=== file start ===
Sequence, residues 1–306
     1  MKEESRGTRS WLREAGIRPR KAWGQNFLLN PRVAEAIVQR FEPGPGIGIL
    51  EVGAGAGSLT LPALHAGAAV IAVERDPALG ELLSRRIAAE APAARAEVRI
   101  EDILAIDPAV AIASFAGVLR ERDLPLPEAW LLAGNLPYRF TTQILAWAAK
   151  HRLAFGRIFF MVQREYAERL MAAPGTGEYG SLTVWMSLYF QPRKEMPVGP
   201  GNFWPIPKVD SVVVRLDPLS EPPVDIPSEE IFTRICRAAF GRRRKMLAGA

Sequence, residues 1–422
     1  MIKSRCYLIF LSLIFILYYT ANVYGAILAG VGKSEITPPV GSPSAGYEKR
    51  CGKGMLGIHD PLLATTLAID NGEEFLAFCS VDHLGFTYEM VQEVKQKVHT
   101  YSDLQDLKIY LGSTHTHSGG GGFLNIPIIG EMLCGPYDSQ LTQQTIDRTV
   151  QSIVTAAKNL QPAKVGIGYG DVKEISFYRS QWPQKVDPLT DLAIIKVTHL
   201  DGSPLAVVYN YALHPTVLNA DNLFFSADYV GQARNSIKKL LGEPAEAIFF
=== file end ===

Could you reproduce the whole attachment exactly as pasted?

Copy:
Sequence, residues 1–306
     1  MKEESRGTRS WLREAGIRPR KAWGQNFLLN PRVAEAIVQR FEPGPGIGIL
    51  EVGAGAGSLT LPALHAGAAV IAVERDPALG ELLSRRIAAE APAARAEVRI
   101  EDILAIDPAV AIASFAGVLR ERDLPLPEAW LLAGNLPYRF TTQILAWAAK
   151  HRLAFGRIFF MVQREYAERL MAAPGTGEYG SLTVWMSLYF QPRKEMPVGP
   201  GNFWPIPKVD SVVVRLDPLS EPPVDIPSEE IFTRICRAAF GRRRKMLAGA

Sequence, residues 1–422
     1  MIKSRCYLIF LSLIFILYYT ANVYGAILAG VGKSEITPPV GSPSAGYEKR
    51  CGKGMLGIHD PLLATTLAID NGEEFLAFCS VDHLGFTYEM VQEVKQKVHT
   101  YSDLQDLKIY LGSTHTHSGG GGFLNIPIIG EMLCGPYDSQ LTQQTIDRTV
   151  QSIVTAAKNL QPAKVGIGYG DVKEISFYRS QWPQKVDPLT DLAIIKVTHL
   201  DGSPLAVVYN YALHPTVLNA DNLFFSADYV GQARNSIKKL LGEPAEAIFF